Is free December street parking a boon or bust for Philadelphia?
The Philadelphia Parking Authority estimated it would lose about $400,000 in parking meter revenue by foregoing Saturday enforcement through New Year's Day.
Holidays in Philadelphia mean Dickens Village at Macy's, strings of lights over South 13th Street, and, this year, a few voices grumbling about the Philadelphia Parking Authority's annual present to the city: free Saturdays at parking meters.
"I think the sad thing is I'm looking for the PPA to be more ruthless," said Dena Driscoll, a member of the advocacy group 5th Square.
Every Saturday from Thanksgiving to New Year's Day, after 11 a.m., the PPA refrains from enforcing metered street parking in the city. The agency, and local businesses, pitch it as an incentive that brings to the city's stores and restaurants customers who might otherwise be turned off by the need to feed the meter.
"The idea of bringing your family down and spending the day shopping and wandering around is exciting," said Scott Petri, the PPA's chief executive. "Do we want people to go to New York and spend their money, or do you want them to come to Philadelphia?"
Driscoll, though, sees the policy as one that keeps money from the Philadelphia schools, which receive a portion of on-street parking revenue every year, in exchange for minimal benefit.
Driscoll argued that the people who want to come into the city will likely do so whether or not parking is free. The draws aren't the shops, she said, but the unique experiences.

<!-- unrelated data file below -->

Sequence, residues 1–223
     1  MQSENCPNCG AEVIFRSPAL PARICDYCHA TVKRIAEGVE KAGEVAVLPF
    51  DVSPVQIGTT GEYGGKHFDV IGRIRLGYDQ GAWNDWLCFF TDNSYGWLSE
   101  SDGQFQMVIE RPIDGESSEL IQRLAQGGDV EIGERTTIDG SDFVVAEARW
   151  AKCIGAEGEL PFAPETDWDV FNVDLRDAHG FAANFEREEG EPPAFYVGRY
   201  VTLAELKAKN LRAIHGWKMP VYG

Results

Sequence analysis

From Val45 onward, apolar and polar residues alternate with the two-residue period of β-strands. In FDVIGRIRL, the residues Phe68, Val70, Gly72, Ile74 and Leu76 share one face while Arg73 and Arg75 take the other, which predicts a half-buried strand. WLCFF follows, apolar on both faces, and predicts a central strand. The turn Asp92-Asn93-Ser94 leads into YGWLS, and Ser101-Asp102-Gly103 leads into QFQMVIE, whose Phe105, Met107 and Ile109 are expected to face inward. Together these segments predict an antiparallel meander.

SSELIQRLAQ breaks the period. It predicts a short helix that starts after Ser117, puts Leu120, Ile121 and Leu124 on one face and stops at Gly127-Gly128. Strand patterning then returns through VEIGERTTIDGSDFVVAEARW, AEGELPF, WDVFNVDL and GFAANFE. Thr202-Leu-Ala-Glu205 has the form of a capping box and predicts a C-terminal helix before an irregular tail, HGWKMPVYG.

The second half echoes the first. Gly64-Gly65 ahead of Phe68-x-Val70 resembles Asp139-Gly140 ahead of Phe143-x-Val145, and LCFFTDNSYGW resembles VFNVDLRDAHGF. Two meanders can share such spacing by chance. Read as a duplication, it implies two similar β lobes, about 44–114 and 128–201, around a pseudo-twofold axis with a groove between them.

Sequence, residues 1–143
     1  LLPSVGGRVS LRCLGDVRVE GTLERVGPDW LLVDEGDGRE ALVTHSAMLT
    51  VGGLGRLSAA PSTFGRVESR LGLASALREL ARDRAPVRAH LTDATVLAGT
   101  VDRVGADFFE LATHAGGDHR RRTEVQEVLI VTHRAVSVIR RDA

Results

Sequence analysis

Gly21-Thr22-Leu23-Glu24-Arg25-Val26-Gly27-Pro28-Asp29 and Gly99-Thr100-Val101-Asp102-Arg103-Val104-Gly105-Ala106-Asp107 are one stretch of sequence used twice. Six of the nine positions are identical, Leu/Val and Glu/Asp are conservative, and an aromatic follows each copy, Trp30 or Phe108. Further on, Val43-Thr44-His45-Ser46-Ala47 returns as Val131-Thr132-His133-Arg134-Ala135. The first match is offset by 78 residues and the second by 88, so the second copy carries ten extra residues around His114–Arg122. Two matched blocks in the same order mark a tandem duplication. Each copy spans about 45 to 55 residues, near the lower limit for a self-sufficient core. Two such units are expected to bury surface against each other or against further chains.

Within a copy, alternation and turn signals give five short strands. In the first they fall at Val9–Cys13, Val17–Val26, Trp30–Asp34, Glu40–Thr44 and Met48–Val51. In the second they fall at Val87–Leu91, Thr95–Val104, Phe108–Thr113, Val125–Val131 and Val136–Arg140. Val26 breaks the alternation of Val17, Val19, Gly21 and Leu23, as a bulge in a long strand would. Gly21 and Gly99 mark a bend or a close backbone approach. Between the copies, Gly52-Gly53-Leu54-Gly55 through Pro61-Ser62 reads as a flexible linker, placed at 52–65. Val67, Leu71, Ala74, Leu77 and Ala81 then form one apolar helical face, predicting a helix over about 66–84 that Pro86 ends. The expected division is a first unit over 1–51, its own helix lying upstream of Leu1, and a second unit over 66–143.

"I just don't believe that you can get the same experiences you can get in Philadelphia at the King of Prussia Mall or the Cherry Hill Mall," Driscoll said.
SEPTA has no plans to offer free rides during the holidays to encourage visits to the city, a spokesperson for the transit agency said.
Driscoll also asked why the PPA didn't make garage parking free to provide an even more attractive incentive. That's just not what we've done, replied Martin O'Rourke, a spokesperson for the PPA.
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The PPA is foregoing about $96,000 each Saturday in December, Petri said, and the agency estimated it loses about $400,000 in parking meter revenue by foregoing enforcement on Saturdays through New Year's Day. PPA personnel will still patrol the streets on Saturdays in December to ticket for illegal parking, he said. They just won't be checking the meters.
It's fuzzy how much of that uncollected money the school district would be owed. The PPA's state-mandated formula for the distribution of parking revenue divides it between the city and Philadelphia School District, but it annually raises the amount the PPA must pay the city before the district gets anything. This fiscal year, the PPA must pay the city no less than $39 million before it can give any money to the schools.
The district should get about $13.5 million this fiscal year after the city gets its cut, the PPA reported. That number takes into account the reduced revenue from meters in December. The PPA's on-street parking division is the subject of an audit by the city controller's office, which is looking at whether operations could be streamlined to leave more money for the schools. In 2017, that division of the PPA paid the city $37 million in the previous fiscal year and $13.5 million to the schools.